Twitter ‘concerned’ about safety of Indian staff after police visit | Social Media News

Days after police visited its offices as part of an investigation into the marking of BJP posts as manipulated, the social media company says it is concerned for the safety of its employees.

Twitter Inc says it is concerned for the safety of its staff in India, days after police visited its offices as part of an investigation into the social media company flagging some ruling party posts as manipulated .

Indian police visited the offices of Twitter on Monday to notify the microblogging company’s national head of an investigation into its labeling of a tweet by a ruling party spokesperson as “manipulated media”.

Without directly referring to the action of the Delhi Police, Twitter said on Thursday: “We, alongside many members of civil society in India and around the world, are concerned about the use of intimidation tactics by the police in response to the application of our global terms of services.”

Members of Prime Minister Narendra Modi’s Bharatiya Janata Party (BJP) recently shared on Twitter parts of a document they say was created by the main opposition Congress party and highlighted the government’s failures in management of the COVID-19 pandemic.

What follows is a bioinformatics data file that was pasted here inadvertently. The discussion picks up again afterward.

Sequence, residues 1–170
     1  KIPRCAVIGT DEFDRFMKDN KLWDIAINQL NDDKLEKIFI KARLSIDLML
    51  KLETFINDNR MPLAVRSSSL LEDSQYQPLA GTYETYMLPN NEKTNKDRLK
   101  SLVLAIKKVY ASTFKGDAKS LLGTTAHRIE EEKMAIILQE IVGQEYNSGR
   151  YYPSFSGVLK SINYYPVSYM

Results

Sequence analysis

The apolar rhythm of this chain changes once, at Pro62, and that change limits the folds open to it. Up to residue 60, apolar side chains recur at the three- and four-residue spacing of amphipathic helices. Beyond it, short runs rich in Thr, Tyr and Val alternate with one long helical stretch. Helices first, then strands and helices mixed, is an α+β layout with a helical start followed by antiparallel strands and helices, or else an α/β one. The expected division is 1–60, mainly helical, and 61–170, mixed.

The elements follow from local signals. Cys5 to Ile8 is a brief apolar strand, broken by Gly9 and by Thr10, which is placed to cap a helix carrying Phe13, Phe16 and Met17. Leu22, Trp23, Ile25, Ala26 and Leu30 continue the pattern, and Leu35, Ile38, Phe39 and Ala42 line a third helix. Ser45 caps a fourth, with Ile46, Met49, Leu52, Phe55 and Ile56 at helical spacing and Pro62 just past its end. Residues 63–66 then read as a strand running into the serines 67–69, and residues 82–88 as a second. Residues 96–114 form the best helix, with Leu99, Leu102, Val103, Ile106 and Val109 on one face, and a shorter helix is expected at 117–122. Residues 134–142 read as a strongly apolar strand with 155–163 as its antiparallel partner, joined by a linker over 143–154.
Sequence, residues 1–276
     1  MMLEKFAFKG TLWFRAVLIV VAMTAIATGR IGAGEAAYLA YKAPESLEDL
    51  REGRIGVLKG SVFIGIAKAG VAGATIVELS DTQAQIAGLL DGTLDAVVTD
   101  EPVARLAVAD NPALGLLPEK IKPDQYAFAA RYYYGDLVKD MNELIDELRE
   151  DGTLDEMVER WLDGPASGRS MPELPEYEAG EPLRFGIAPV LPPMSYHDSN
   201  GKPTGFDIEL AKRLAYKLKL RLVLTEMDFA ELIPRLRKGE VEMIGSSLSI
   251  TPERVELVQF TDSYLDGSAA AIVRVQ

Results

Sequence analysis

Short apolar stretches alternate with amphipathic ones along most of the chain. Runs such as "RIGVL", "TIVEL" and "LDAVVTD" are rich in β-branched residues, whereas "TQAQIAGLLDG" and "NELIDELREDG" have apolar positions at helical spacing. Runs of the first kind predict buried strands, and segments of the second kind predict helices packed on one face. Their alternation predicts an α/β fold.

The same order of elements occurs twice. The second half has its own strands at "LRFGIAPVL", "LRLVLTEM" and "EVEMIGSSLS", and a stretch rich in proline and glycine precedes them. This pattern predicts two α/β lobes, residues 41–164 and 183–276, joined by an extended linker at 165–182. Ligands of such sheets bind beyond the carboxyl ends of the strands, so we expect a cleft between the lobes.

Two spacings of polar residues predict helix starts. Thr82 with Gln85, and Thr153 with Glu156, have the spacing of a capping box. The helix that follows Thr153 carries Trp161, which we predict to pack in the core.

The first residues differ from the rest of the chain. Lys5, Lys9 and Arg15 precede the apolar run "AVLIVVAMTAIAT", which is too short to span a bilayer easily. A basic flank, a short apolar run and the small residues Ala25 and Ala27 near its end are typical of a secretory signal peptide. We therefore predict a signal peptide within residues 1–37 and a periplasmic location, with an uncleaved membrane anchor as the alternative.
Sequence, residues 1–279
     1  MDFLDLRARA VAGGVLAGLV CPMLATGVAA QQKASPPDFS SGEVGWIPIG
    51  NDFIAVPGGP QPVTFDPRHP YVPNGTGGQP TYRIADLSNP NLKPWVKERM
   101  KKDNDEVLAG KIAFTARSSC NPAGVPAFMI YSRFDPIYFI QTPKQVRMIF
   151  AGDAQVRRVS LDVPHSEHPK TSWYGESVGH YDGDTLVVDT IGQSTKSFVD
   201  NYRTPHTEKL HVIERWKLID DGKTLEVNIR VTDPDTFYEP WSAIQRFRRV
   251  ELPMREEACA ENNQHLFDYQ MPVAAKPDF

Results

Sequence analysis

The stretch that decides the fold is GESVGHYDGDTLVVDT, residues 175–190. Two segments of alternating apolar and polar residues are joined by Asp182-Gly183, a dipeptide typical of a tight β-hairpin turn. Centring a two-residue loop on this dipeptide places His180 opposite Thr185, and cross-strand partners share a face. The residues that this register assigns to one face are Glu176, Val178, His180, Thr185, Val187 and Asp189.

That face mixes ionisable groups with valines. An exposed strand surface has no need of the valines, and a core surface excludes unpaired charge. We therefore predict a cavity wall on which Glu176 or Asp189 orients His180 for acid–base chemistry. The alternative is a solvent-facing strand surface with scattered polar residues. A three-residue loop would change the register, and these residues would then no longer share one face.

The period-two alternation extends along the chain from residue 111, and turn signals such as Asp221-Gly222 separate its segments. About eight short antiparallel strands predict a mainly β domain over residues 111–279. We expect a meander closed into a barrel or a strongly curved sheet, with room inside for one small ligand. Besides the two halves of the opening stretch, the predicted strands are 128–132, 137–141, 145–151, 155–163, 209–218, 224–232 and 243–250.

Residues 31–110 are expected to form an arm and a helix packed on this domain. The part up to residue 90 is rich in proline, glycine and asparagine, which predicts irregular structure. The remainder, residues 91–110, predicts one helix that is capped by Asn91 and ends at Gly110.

Congress complained to Twitter, claiming the document was fake, after which Twitter flagged some of the posts as “manipulated media”.

Delhi police declined to comment, Reuters news agency said.

Twitter has been battling with the Indian government since February after the technology ministry asked it to block content alleging Modi’s administration was trying to silence criticism linked to farmer protests in the country.

Following the confrontation, India announced new IT rules aimed at making social media companies more accountable for legal demands to quickly delete posts.

Last month, the Indian government asked Twitter to remove dozens of tweets, including some by lawmakers from opposition parties, that criticized India’s handling of the coronavirus outbreak, as cases of COVID-19 again reached a world record.

On Thursday, Twitter asked the technology ministry to give it an additional three months to comply with new content regulation rules, which include appointing an Indian complaints officer to handle complaints.

Twitter said it was deeply concerned that the rules made the compliance officer criminally liable for content on the platform, adding that the move was a dangerous excess.

India’s technology ministry did not immediately respond to a request for comment.

The new IT rules have sparked legal battles, including a lawsuit filed this week by Facebook-owned WhatsApp, which calls on the Indian government to have overstepped its legal powers by enacting rules that will force the messaging app to break the end-to-end message encryption.